Emmanuelle Assouan, Co-chair of the NGFS Taskforce on Biodiversity Loss and Nature-related Risks and Director General for financial stability and operations at Banque de France:
“The recent momentum around nature-related risks is encouraging. It is crucial that we continue emphasising the materiality of these risks and the need for central bankers, supervisors and financial actors at large to act on them. The new developments included in the final version of this Conceptual Framework, such as the application of the framework’s principle-based approach to key ecosystems, provide a convincing demonstration that immediate action to start assessing these risks is both possible for central banks and supervisors and useful to their missions.”

Marc Reinke, Co-chair of the NGFS Taskforce on Biodiversity Loss and Nature-related Risks and head of the Sustainable Finance Office at De Nederlandsche Bank:
“Climate change is only one of several closely interconnected challenges that stem from the pressure humans have placed on nature. To address climate change and succeed in our efforts to safeguard financial stability, we must therefore adopt an integrated approach that accounts for the full spectrum of relevant nature-related financial risks. The conceptual framework and its illustrative cases enable us to act in line with that fundamental understanding. It provides the structure, ideas, and concrete examples to progressively incorporate nature-related financial risks in all the work that we do.”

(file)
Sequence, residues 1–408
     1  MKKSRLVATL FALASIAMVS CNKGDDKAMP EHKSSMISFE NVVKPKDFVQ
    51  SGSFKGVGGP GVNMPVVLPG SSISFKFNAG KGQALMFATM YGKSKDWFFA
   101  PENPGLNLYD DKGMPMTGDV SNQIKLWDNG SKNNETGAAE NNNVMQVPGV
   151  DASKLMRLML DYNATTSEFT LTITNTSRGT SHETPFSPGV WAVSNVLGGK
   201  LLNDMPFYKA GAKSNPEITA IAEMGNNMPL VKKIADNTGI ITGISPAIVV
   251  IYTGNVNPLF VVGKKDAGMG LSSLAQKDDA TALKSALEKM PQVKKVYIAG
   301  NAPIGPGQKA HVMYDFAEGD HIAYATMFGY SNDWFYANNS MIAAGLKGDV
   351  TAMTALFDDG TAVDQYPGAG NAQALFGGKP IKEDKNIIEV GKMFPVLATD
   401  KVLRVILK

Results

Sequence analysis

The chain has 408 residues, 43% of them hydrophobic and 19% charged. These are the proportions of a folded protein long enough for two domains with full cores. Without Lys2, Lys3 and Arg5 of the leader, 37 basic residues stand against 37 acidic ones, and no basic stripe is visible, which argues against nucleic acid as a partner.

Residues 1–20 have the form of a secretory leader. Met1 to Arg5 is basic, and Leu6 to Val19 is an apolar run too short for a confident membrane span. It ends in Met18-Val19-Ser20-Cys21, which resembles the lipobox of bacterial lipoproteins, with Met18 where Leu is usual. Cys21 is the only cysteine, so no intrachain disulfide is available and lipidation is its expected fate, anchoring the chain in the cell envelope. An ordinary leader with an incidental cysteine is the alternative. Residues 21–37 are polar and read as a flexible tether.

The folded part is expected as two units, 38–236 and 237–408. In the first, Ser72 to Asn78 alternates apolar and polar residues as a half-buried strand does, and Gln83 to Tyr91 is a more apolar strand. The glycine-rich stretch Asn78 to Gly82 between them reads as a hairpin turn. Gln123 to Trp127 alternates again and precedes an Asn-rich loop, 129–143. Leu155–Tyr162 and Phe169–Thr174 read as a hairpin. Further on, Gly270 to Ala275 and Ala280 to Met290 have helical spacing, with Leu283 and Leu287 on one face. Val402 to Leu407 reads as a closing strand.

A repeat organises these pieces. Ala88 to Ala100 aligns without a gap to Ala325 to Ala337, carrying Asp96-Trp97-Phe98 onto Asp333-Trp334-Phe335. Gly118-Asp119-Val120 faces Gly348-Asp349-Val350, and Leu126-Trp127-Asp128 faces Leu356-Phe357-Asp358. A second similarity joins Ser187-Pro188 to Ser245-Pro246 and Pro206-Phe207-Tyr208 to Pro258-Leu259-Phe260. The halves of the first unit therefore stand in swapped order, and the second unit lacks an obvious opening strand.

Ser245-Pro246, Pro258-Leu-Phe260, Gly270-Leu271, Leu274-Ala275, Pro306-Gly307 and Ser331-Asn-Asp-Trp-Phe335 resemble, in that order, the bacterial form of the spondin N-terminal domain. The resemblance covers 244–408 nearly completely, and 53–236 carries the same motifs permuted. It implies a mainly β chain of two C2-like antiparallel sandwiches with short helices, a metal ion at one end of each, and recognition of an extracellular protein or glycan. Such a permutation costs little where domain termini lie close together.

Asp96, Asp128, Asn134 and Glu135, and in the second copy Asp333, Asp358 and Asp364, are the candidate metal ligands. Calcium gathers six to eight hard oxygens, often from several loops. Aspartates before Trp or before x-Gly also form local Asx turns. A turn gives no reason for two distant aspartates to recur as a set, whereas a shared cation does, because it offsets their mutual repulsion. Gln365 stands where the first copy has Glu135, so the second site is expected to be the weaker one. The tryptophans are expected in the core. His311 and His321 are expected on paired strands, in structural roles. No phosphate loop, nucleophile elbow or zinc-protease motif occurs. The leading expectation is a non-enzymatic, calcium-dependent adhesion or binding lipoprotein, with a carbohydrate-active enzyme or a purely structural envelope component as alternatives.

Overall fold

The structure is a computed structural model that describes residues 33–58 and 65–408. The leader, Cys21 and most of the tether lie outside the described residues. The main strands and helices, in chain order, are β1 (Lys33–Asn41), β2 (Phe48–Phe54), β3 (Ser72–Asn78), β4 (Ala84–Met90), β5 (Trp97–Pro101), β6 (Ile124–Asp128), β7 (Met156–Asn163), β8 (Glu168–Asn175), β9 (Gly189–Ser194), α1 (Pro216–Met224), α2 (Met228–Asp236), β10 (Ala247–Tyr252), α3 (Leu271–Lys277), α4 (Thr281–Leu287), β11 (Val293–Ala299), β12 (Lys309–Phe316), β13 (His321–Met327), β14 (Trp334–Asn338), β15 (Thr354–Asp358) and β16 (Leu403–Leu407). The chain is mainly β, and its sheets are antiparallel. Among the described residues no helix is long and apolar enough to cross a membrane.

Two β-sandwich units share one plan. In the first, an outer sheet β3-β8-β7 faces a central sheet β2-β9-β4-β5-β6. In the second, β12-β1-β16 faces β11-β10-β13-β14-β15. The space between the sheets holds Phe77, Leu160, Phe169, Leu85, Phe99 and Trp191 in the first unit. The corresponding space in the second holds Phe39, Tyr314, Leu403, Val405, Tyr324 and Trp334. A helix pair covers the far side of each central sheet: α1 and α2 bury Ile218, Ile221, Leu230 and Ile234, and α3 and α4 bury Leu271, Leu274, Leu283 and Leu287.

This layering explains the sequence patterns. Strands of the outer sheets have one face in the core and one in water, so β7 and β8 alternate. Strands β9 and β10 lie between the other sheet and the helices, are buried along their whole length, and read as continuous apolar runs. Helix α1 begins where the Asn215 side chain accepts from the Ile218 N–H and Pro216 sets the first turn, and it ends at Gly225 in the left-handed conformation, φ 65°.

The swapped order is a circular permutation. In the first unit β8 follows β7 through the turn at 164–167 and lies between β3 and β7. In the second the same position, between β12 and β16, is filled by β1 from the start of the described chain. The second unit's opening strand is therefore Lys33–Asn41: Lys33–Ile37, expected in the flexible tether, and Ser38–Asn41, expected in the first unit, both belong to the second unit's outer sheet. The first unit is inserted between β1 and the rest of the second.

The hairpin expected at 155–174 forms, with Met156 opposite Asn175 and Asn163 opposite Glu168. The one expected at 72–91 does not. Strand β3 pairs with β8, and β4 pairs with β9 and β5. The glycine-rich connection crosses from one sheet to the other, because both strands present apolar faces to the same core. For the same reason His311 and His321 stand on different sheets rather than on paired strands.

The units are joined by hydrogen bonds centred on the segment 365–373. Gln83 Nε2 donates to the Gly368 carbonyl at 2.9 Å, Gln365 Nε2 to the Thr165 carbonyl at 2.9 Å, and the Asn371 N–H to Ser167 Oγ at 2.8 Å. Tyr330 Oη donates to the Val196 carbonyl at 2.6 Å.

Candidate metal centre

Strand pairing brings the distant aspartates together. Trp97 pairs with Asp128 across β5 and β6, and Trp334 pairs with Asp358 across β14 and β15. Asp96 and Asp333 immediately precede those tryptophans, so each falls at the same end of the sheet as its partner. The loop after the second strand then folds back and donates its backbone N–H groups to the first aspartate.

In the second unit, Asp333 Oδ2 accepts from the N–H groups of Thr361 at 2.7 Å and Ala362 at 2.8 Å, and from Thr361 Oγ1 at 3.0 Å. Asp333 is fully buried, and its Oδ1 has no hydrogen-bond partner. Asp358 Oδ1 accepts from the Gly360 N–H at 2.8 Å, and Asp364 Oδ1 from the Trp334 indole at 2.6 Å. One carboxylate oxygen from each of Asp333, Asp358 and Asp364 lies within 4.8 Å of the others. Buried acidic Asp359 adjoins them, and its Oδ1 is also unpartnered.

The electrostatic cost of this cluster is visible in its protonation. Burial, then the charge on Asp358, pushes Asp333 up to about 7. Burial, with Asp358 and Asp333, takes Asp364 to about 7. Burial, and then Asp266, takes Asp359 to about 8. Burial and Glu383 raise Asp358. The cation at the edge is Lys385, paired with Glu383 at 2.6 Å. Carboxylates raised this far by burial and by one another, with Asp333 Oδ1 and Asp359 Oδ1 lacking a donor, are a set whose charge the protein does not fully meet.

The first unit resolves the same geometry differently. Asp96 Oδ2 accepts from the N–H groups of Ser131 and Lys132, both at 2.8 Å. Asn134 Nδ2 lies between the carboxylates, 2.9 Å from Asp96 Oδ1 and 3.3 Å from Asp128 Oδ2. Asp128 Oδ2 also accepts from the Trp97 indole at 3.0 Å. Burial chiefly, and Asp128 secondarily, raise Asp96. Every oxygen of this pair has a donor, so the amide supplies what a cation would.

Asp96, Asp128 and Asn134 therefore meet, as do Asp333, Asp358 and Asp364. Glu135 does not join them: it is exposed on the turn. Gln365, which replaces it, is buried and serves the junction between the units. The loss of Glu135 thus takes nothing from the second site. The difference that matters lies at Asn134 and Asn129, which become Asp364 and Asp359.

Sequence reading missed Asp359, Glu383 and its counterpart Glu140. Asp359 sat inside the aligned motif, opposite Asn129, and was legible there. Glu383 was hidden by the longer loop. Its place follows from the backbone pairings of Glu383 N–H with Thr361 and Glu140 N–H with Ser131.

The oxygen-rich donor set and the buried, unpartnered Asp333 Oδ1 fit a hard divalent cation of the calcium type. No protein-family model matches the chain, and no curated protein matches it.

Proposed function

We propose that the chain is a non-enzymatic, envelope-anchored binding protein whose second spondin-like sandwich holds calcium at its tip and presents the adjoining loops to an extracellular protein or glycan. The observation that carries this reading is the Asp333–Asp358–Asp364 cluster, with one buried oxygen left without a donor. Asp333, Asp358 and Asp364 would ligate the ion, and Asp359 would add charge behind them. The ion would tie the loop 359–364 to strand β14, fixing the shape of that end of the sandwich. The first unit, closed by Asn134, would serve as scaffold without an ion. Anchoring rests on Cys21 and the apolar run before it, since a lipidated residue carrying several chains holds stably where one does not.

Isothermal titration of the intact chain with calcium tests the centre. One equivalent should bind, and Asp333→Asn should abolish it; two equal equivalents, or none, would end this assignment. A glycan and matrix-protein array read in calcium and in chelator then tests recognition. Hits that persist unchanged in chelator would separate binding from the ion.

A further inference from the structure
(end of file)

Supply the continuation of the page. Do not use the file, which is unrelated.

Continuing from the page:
Nature-related litigation: emerging trends and lessons learned from climate-related litigation
This report marks yet another step forward in the NGFS’ mission to mainstream the consideration of nature-related risks in its work.  
In September 2023, the NGFS published two reports on climate-related litigation, noting that governments and civil society may increasingly turn their attention beyond greenhouse gas (GHG) emissions to the importance of nature. 
In view of these developments, the NGFS has prepared the following report, to highlight emerging trends in the field of nature-related litigation. The report argues that nature-related legal actions will likely evolve and grow, taking inspiration from successful climate-related litigation cases, and benefiting from an increasing awareness of the nature crisis. The NGFS encourages central banks, supervisors and financial institutions to closely monitor developments in nature-related litigation. Climate- and nature-related litigation might increase pressure on the financial system through compounding legal ‘points of entry’. 

Chiara Zilioli, Chair of the Experts’ Network on Legal Issues and General Counsel of the European Central Bank:
“Strategic nature-related litigation is a growing trend, which is becoming increasingly relevant for the financial system. It can be expected to generate nature-related financial risks through multiple channels, in the same way as climate-related litigation. For that reason, this report seeks to raise awareness of nature-related litigation among central banks, supervisors, and financial institutions.”

 

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Press releases
NGFS publishes two complementary reports on nature-related risks
  • Published on 07/02/2024